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Electricity Not Owed, U.S. Asserts

June 19,2001
WASHINGTON - The United States announced Monday that it could not accede to the proposal made by the North Korean Foreign Ministry to take up the provision of electricity to the North as a top agenda item in negotiations between Washington and Pyongyang.

The United States had promised the construction of two light-water reactors to the North by 2003 in return for a nuclear freeze as laid out in the 1994 Geneva Agreed Framework. But the construction is years behind schedule, and Pyongyang claimed Monday that the United States should provide electricity to compensate for the power losses incurred by the delay.

Richard Boucher, spokesman for the U.S. Department of State, said that the United States has abided by and will continue to adhere to the responsibilities of the Geneva agreement. But he ex-plained that the administration could find no reason to compensate North Korea for its energy shortage and that he hoped the North would stick to its side of the agreement as the International Atomic Energy Agency's inspection of North Korea's nuclear facilities nears.

Washington argues that the North's own lack of cooperation in forging working-level agreements and the intrusion of a North Korean submarine into South Korea's East Sea (Sea of Japan) have slowed down the construction. U.S. government officials also note the absence of any mention in the agreement of compensation for delay in the construction of the reactors, whatever the cause may have been.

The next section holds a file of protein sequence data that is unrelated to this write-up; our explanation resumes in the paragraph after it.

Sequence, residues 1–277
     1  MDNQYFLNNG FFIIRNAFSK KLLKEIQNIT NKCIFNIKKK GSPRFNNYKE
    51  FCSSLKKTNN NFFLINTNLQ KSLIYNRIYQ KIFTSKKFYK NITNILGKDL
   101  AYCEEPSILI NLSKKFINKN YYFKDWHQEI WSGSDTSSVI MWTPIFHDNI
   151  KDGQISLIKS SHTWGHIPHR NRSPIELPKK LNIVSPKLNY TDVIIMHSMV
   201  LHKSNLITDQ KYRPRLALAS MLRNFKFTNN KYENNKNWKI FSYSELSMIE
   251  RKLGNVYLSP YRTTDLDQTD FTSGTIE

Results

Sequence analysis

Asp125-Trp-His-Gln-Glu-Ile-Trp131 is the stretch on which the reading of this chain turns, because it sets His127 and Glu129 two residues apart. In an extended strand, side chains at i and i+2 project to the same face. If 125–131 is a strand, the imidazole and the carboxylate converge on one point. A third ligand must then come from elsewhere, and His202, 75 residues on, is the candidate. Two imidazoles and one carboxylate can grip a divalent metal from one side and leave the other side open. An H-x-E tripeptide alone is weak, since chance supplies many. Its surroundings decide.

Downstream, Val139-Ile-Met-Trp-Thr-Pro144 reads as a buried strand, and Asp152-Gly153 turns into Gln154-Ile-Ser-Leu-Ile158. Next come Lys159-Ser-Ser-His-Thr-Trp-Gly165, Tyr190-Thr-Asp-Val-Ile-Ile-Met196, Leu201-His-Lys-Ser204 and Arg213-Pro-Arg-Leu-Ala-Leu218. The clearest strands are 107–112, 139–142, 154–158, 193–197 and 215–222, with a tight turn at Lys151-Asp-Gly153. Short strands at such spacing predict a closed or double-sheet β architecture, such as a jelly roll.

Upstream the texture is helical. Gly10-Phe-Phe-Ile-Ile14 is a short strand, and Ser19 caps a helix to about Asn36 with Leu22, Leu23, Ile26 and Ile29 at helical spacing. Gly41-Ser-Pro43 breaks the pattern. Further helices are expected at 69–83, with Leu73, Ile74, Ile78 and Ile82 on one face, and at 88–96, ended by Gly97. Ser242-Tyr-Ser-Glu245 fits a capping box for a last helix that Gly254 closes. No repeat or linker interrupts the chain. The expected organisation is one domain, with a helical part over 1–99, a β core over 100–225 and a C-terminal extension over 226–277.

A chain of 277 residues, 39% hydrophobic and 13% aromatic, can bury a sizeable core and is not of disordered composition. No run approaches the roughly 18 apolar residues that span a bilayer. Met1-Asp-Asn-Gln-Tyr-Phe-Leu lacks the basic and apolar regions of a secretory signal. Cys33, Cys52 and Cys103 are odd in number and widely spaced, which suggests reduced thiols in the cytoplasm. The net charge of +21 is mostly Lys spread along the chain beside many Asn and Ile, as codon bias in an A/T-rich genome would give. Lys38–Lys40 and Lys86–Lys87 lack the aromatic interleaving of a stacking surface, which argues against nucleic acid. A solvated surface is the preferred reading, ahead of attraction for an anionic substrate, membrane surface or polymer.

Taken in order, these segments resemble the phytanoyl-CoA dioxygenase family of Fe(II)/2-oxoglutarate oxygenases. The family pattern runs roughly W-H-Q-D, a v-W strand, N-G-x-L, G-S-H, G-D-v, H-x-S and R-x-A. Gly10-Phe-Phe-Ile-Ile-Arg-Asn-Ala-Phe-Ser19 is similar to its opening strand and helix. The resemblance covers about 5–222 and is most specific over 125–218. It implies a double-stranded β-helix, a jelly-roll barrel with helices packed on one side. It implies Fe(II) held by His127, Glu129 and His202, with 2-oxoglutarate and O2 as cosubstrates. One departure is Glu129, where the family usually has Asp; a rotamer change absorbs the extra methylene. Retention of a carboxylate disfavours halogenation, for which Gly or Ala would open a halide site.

Mr. Boucher, nonetheless, made clear the Bush administration's expectations for the resumption of dialogue between the two sides, as was expressed during its contact with the North Korean representative office in New York last Wednesday.

Experts opine that a war of nerves between the North and the United States is under way. But Washington government circles contend that the North's response to its appeal for talks manifests substantial willingness to resume dialogue.

"Both the United States and North Korea do not seem to set acceptance of their agenda of preference as preconditions to negotiations," said a diplomatic source.

by Kim Jin




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